The farm downturn may be approaching an end, but recovery could be tricky.
A senator from Mexico has pledged to introduce a bill that cuts US corn supply out.
“[T]hose who think the repeal of mandatory country of origin labeling has led to lower cattle and hog prices in the U.S. are probably wrong.”
“Chad Hart, ISU Extension Specialist, says this year is looking very much like last year, and farmers will need to strike while they can to capitalize on any potential price rally.”
Ag economist Lee Schulz said there was a tremendous increase in heifers held for replacements.
A border wall could carry with it a tariff on goods from Mexico, which could be bad for Iowa.
Cathy Kling and Wendong Zhang contribute Business Record’s 2017 Economic Forecast.
Phil Gassman talks about CenUSA, which examines perennial biofuel production in the Corn Belt.
An ISU Extension report anticipates lower commodity costs in 2017.
Canada and Mexico are Iowa’s two largest export markets. Trump’s plans could affect Iowa’s agricultural economy.
Ag economists weigh in on how Trump’s departure from TPP could affect Iowa agriculture.
Trump’s special adviser on regulatory reform may face a conflict of interest.
Uncertainty over the future of the biofuels program has dropped the price of RINs.
Trump’s decision to back out of the TPP could hurt farmers in Iowa.
Dermot Hayes helps agriculture.com answer questions about pork exports in 2017.
Ernst and Grassley both remain optimistic about Trump’s cabinet pick.
The USDA has released final crop production numbers for 2016.
A new study reveals GHG emissions from corn-based ethanol are about 43% lower than gasoline on an energy equivalent basis.
Chad Hart says strength of demand may provide some reason to be optimistic.
ISU professor of economics Dermot Hayes talks about the impact of TPP, NAFTA, and free trade on US agriculture.
ISU economist Chad Hart says supplies need to slow down to let demand catch up.
Schulz says he expects 2017 to bring both strong domestic and export demand.
Commodity prices could present challenges to farmers in 2017 after three years of lower farm income.
After highs and lows the last two years, livestock prices are beginning to stabilize.
According to experts, keeping trade lanes open will be the key to profitability for the pork industry in 2017.
Some farmers may improve income by planting more soybeans in 2017.
Trump’s vision for agricultural trade is still unclear.
Livestock profits have fallen, but exports are still helping support the industry.
Experts weigh in on what could be in store for the US feed sector next year.
USDA's recent WASDE report changed some crop expectations, but supports strong domestic and international usage.
Branstad’s appointment to Trump’s cabinet could bolster trade between Iowa and China.
President-elect Trump’s pick for Secretary of Agriculture will signal how his cabinet feels about ag policy.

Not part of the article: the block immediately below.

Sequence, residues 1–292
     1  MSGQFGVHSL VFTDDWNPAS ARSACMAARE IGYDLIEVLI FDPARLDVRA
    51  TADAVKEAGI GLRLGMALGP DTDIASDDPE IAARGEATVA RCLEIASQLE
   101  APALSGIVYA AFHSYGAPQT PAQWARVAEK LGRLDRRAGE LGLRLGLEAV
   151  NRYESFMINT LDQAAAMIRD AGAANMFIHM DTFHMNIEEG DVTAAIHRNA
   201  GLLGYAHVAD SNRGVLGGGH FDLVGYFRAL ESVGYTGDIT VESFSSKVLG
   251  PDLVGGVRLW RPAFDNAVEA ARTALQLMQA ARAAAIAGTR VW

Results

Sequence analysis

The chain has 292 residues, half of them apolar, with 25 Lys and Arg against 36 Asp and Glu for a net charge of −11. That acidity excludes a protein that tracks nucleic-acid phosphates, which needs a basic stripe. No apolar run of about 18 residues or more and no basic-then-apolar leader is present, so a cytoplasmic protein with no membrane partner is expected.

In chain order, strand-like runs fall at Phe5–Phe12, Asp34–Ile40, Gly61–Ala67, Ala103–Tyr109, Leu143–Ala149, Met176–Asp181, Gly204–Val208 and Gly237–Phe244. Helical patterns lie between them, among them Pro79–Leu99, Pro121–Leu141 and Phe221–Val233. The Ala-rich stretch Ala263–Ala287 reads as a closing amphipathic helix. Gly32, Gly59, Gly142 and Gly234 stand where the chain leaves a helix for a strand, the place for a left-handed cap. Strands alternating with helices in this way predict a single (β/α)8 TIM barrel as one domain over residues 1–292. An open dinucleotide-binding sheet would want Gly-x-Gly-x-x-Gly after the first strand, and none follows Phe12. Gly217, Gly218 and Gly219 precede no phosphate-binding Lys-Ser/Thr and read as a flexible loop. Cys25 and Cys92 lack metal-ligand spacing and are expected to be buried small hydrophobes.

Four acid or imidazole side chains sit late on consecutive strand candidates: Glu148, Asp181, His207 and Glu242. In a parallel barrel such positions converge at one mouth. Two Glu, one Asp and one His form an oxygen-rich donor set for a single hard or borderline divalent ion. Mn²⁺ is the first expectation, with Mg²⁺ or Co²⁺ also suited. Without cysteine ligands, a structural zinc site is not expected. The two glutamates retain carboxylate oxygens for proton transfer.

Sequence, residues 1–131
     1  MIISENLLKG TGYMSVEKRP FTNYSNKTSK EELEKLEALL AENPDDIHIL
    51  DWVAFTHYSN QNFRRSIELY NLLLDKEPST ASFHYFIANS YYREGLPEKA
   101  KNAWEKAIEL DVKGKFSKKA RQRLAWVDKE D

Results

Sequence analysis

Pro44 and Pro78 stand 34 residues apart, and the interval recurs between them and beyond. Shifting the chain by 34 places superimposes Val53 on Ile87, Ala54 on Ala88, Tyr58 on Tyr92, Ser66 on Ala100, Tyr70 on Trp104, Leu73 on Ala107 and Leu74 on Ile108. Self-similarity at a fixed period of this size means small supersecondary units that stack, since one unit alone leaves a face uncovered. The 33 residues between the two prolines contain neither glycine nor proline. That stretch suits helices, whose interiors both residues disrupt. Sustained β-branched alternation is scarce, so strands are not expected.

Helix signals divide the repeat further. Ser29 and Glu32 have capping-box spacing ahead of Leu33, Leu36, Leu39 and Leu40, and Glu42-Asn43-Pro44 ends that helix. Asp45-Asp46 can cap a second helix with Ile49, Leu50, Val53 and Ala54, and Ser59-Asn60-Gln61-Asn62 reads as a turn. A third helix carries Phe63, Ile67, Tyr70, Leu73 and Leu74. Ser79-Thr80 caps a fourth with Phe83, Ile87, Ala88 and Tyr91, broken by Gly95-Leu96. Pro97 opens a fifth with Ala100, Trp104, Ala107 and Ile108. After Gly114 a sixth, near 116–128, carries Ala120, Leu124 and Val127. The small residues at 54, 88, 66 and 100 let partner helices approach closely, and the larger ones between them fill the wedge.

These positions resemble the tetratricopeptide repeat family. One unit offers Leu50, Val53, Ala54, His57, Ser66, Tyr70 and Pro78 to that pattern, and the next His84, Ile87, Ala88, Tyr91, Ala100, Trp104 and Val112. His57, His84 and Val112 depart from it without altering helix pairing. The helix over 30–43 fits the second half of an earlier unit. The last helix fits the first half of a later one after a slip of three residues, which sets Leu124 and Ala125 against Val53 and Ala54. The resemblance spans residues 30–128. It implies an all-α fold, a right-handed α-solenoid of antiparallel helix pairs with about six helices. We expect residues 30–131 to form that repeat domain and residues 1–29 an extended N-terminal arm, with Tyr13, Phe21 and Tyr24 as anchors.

Numerous signs in the hog, cattle, and turkey industries point to lower meat prices.
Helen Jensen discusses potatoes in the WIC program.
Demand from China, the strength of the dollar, and the South American harvest are all factors in US soybean demand.
Chad Hart says there are some opportunities for grain prices to rally in 2017.
Environmentalists fear that a new packing plant could spur creation of new hog confinements around Clarion.
Industrial hemp production surged in the US during WWII. Iowa peaked at about 40,000 acres of production.
Bruce Babcock talks about the 2016 election and where the candidates stand on farm policy on IPR’s River to River.
A study by Moschini et al. found that farmers of GMO soybeans actually use more herbicides. A Google translated version is available here: http://bit.ly/2dP6QX8.
Farm risk program payments are trending down slightly from last year.
Farmland sales volume may be helping keep farmland prices up.
Chad Hart provides some quick tips for making your farm profitable.
A recent study by Jensen et al. examined how changes in the WIC program affected wholegrain consumption.
John Deere has new acquisition and licensing deals pending.
Falling food prices have been good for consumers, but are putting farmers under more stress.
USDA crop progress report shows 73% of corn and 74% of soybeans rated as good or excellent.
The Chinese company is looking to move into creating technology and strategies for other seed companies.
Egg, pork, and beef prices are all expected to decline despite an estimated overall increase in food prices.
Iowa State's 2016 Norman Borlaug Lecture, "Leading the Fight Against Malnutrition and Hidden Hunger," will be at 8 p.m. Monday, Oct. 10.
CARD has received an $800,000 grant to study water quality.
“Seed maker Monsanto agreed to sell itself to German chemical and pharmaceutical company Bayer AG last week for $66 billion, but the impact on central Iowa is still unclear.”
“Donald Trump’s campaign on Thursday briefly published a fact sheet calling for the repeal of a key part of the federal ethanol mandate...”